-Knowledge and education are fundamental to Mill’s concept of the Greatest-Happiness principle
-Greatest-Happiness principle: That which is right, provides the greatest amount of good for the most people
Formulate Singer's Argument For A Pro-Animal Position
o (1) Discrimination between humans is wrong.o (2) The only principle which adequately explains why discrimination between humans is wrong is the principle of equal consideration of interestso Therefore (3) We should accept that principle.o (4) The principle of equal consideration of interests prohibits discrimination against animals.o Therefore (5) We should not discriminate against animals.
Doctrine of the Golden Mean
Between the extremities of the vices of excess and those of deficiency lies the golden mean of virtue. Aristotle states that happiness follows the path: Desire à Actions à Habits à Either success or failure à Happiness or sadness. This model works best in youth, because the more a behavior is reinforced, the more it becomes part of immutable nature.
 Formulate Kant's Universal Law Test (Also Called "The Universal Law Formulation Of The Categorical Imperative")
o i. Maxim- Is the principal in which you act o ii. Will – commit yourself to try to bring about it if you can.o iii. Universalizing a maxim –changing the maxim from only applying to you to applying to everyone. o iv. Contradiction in the will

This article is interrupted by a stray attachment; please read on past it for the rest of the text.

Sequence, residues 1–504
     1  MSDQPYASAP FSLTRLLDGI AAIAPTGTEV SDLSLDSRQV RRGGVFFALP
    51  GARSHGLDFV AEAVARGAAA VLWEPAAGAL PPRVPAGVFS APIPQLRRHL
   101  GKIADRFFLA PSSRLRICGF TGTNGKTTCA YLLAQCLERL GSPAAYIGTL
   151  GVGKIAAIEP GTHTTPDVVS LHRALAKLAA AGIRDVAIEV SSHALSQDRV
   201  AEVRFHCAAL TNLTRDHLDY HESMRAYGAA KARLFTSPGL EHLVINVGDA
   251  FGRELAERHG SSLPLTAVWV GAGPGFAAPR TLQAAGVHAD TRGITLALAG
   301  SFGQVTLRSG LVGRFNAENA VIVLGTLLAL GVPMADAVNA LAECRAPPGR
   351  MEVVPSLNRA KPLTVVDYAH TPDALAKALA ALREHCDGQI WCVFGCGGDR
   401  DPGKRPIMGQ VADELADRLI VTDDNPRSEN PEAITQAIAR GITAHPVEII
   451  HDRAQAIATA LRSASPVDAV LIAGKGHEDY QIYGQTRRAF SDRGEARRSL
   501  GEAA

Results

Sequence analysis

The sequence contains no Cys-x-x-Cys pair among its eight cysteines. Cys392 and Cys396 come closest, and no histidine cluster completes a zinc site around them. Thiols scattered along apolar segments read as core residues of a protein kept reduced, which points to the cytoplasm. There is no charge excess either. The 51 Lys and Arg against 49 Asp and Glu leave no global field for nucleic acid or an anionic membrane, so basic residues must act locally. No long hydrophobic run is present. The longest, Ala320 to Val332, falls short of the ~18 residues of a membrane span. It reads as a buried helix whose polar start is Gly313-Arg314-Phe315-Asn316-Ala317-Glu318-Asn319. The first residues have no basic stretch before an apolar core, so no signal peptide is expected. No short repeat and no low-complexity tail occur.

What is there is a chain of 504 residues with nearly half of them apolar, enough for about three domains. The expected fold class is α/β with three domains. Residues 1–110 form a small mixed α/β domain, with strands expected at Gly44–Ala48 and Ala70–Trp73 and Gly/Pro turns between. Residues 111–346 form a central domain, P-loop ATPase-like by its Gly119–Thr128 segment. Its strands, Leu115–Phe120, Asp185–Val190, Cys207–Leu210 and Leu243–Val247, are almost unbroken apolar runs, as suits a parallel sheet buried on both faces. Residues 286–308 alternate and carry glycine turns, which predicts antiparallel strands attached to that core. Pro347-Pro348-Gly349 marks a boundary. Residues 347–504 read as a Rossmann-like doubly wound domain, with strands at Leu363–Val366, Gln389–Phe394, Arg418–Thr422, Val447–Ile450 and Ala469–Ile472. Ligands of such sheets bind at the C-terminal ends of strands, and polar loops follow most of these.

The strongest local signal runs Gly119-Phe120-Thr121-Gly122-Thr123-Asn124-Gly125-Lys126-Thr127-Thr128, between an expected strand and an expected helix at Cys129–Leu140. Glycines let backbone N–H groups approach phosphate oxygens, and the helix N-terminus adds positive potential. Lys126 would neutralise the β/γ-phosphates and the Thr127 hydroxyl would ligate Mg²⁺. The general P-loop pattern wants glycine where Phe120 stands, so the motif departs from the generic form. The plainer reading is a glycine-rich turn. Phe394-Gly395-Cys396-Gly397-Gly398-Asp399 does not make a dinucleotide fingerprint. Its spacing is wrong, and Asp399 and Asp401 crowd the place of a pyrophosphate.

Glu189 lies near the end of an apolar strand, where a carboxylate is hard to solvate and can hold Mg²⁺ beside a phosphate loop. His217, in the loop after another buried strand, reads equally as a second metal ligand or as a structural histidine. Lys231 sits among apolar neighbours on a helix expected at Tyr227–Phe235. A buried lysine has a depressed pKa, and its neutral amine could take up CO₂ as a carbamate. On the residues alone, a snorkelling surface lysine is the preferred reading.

Utilitarian view on Rules
a right action is one that conforms to a rule that, if followed, consistently, would create for everyone involved the most beneficial balance of good over bad
The Divine Command Theory
God is the decider of whether an act is moral or immoral.
Question 2 And Answer About Mill On Higher and Lower Pleasures
o What test determines whether a pleasure is higher or lower? 1 Panel of judges and all must agree 2 To qualify, you have to be competently acquainted with both pleasures 3 The verdict is that any amount of the higher, however small, is worth more than lower, however great.
Explain The First Argument For PE and Objection
o PE1 (1) Everyone always does what they most want to do. (2) If someone does what they most want to do, they act selfishly. Therefore, (3) Everyone always acts selfishly.o OPE1 Premise (1) is false promise keeping Premise (2) is false. The object of a want determines selfishness.
Question 3 And Answer About Mill On Higher and Lower Pleasures
o Is the test biased? Yes, Mill is committing to stacking the jury to receive the results he wants.
State of Nature Theory (Thomas Hobbes)
A condition in which we live, in which there are no laws, no government, no police force, nothing to govern how we act towards each other. In a state of nature we are all equal, because we are all capable of killing each other. A ruthless state, everybody is looking out for their own survival. It’s a state of high anxiety. State of war, every man against every man.
-Therefore, we enter into a social contract with each other which means we agree to lay down our arms and give our individual power to one individual who will be the king. This person must maintain law and order.
-The good of society depends on the particular agreement or contract that each society has; there is no definite right or wrong.
Describe One Of The Problem Cases For Utilitarianism, And Explain Why The Case Is Supposed To Raise A Problem For Utilitarianism
o You have just two options, (a) and (b). Utilitarianism tells you to do (a); moral common sense tells you to do (b). Hence, utilitarianism must be rejected. For example, McCloskey case; punishing the innocent.